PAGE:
I had never ordered a meal and eaten out alone and often find it more difficult to eat mindfully when I am alone. I decided to take this on as an experiment, asking myself: I wonder what it will be like to take myself out for lunch and really enjoy my food without distractions?

Even though it was uncomfortable in the beginning and difficult to keep my phone away, eating alone has now become a source of pleasure for me. I started to appreciate it as a way of connecting to myself and my food without distractions – and it also made me appreciate eating with others even more at other occasions.



PS – While I thoroughly enjoyed my time in Dubai, it was also a productive time for Healthwise. I finished the first draft of an Online Mindful Eating program to launch in January and updated the Healthier Christmas Cookies eBook which will be out next week – make sure you are signed-up for my newsletter to receive it. I also started blogging for the Huffington Post – read my articles here.


Confessions of an Ex-Sugar Addict + Healthy Nutella Recipe

Confessions of a sugar addictI used to be a sugar addict. I needed something sweet after almost every meal and often in the middle of the afternoon.When I was eating alone in the evening, I would have what I called a dessert meal: a big bowl of ice-cream, a pack of M&M’s or Nutella straight out of the jar instead of a real meal.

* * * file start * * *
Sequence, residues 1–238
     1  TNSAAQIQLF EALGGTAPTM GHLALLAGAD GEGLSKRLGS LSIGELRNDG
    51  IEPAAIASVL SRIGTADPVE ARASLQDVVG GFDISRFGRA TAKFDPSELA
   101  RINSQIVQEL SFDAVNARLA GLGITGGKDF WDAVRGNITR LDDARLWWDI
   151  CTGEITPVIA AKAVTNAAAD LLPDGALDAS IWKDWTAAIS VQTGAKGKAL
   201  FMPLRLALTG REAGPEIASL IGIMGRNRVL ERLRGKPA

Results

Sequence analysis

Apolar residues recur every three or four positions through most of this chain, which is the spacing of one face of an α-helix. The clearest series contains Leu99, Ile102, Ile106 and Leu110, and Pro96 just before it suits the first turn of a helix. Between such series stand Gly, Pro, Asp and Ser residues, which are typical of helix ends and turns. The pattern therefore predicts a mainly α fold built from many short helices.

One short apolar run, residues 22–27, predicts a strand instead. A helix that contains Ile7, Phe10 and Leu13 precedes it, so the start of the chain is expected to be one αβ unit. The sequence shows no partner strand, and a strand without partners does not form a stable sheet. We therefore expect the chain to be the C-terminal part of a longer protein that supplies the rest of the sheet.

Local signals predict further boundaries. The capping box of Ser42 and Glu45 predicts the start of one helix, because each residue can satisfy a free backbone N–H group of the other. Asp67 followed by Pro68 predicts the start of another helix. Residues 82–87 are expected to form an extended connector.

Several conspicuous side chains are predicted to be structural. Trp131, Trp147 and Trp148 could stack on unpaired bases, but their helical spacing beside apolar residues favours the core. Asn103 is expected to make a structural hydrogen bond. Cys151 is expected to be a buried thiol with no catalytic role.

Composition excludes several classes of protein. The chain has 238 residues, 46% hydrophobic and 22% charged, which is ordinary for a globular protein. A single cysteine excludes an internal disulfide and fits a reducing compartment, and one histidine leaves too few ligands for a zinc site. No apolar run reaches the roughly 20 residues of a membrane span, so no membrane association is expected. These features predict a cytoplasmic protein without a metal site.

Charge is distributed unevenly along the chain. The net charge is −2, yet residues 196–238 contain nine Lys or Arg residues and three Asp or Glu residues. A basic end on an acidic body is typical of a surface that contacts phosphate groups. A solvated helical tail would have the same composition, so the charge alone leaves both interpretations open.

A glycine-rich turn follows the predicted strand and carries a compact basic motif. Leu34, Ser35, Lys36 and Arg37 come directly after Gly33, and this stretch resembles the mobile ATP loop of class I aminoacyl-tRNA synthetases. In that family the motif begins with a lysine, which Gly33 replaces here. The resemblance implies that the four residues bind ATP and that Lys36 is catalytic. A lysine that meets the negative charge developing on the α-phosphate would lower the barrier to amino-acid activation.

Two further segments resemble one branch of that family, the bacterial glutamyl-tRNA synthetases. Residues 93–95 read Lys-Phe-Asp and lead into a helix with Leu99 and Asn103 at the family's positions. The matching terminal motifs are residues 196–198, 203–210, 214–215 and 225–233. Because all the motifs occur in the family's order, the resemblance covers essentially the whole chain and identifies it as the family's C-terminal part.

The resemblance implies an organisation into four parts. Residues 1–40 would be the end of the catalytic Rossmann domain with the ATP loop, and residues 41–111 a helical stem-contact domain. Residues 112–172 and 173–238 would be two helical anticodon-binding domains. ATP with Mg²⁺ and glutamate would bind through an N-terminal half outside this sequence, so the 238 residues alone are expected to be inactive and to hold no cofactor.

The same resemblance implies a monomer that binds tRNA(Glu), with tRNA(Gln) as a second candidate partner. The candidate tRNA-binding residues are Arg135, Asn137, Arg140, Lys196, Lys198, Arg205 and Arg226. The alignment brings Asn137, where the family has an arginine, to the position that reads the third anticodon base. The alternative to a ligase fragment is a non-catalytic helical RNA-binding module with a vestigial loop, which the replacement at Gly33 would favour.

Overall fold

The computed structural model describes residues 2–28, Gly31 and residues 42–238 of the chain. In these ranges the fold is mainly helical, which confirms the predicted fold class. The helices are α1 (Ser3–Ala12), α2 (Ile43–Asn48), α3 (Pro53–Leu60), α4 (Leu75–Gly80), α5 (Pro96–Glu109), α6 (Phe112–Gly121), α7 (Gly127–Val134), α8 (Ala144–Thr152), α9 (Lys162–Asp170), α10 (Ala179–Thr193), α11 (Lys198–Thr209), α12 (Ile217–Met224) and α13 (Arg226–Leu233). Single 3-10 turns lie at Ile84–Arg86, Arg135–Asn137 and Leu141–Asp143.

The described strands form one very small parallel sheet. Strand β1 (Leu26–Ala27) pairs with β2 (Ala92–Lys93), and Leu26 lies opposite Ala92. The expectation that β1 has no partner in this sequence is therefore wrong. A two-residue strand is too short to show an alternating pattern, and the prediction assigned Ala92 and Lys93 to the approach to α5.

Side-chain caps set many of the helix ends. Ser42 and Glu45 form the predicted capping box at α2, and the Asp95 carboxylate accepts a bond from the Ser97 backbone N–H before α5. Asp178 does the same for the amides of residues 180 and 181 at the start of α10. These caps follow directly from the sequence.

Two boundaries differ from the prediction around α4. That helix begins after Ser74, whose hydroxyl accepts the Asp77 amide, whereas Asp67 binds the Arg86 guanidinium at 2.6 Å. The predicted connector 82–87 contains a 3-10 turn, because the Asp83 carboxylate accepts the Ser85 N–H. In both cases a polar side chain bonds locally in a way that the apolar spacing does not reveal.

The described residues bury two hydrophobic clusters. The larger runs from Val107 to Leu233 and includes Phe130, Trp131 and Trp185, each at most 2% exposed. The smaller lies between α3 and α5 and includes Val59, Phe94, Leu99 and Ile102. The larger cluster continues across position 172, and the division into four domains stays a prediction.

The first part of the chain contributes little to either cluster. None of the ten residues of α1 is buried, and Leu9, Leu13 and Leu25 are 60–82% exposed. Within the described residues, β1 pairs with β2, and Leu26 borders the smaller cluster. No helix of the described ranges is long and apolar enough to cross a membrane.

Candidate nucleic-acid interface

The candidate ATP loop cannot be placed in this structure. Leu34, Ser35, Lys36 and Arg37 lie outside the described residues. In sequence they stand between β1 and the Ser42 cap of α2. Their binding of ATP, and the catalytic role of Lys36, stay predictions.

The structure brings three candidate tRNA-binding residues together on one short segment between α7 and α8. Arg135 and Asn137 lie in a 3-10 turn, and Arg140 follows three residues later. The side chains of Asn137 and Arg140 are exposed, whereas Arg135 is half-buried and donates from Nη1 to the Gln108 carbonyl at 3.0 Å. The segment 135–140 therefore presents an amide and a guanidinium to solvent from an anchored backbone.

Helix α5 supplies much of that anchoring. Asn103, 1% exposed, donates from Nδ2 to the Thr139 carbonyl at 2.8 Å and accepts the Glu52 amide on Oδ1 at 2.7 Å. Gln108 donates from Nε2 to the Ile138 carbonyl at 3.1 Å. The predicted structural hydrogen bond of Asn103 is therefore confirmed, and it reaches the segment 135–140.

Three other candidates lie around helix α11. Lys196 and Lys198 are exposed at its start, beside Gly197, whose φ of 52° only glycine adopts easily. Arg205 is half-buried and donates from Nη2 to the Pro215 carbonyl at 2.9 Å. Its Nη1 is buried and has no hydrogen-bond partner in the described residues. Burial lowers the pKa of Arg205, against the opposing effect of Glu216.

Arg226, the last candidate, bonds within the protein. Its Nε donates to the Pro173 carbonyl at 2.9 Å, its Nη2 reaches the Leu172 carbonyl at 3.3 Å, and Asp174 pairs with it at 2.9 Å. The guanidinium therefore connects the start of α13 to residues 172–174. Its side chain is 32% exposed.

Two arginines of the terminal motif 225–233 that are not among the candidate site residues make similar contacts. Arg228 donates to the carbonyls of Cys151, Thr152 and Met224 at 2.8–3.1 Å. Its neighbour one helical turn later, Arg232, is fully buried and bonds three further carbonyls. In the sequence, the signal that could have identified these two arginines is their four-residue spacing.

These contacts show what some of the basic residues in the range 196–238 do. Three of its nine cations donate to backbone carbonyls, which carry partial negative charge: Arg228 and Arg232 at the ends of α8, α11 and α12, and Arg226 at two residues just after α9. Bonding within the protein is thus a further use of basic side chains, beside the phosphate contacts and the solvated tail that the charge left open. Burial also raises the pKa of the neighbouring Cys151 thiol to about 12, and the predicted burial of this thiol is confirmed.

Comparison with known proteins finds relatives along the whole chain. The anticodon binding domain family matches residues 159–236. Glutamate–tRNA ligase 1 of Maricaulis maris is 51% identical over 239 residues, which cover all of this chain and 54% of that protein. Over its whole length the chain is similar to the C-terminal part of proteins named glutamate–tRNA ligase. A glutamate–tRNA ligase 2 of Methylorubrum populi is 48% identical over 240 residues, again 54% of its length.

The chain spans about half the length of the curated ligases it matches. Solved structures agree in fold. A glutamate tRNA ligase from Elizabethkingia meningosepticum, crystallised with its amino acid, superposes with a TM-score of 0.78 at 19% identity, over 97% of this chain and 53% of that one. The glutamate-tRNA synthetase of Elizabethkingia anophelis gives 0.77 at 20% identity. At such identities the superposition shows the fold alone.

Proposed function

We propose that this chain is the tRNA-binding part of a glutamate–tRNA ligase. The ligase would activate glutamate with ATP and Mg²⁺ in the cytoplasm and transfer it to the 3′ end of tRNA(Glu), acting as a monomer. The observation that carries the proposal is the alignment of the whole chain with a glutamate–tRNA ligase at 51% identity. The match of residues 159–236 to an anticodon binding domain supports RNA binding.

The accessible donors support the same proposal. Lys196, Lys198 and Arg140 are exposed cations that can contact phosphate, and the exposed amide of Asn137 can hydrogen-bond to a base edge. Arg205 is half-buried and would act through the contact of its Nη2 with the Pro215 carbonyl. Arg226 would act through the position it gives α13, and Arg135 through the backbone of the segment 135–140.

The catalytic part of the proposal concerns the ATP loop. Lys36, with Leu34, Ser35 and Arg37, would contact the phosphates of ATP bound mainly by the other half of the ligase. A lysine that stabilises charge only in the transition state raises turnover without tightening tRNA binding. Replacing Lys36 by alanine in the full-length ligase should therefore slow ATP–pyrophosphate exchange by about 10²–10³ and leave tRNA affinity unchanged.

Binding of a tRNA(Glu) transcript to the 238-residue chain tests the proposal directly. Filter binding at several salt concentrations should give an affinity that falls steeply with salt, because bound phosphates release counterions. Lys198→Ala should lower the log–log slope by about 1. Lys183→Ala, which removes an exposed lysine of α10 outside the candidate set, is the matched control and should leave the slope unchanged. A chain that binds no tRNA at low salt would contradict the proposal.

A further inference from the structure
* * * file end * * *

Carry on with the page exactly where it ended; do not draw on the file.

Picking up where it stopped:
M&M’s were my favourites- as shown in this photomontage taken at the advertising agency I was working at back then. We had to pose with our favorite brand and sadly, this was mine!

The worst part is, I thought this was OK because I was ‘saving’ the calories from a normal dinner and replacing them with the sweet food of choice that evening.

When I discovered I had a genetic kidney disease and decided to change my diet, I went through phases where I completely banned sugar.

And I realised by doing this how addicted I was and how addictive sugar is.

But I couldn’t keep it up for more than a few weeks.

I realized that radically banning any form of sugar from my life wasn’t the answer for me.

It was about understanding and accepting my relationship to sugar in order to change it instead of trying to fight against it.

I realized how complex our relationship to sugar is because:

♥ Sugar is addictive – 8 times more addictive than cocaine according to Dr Mark Hyman…yet the sweet taste is an integral part of our diet and trying to deny this is like banging your head against a wall.

♥ Sugar cravings are often a sign that something is out of balance with what and how we are eating the rest of the day…yet they also have nothing to do with food and have a very strong emotional component as well.


Healthy Nutella

Healthy Nutella

This recipe is for anyone who loves Nutella and is looking to replace the store-bought kind with a much healthier version that uses only whole foods like hazelnuts and cacao powder and sweetened with a little maple syrup – an unrefined sweetener.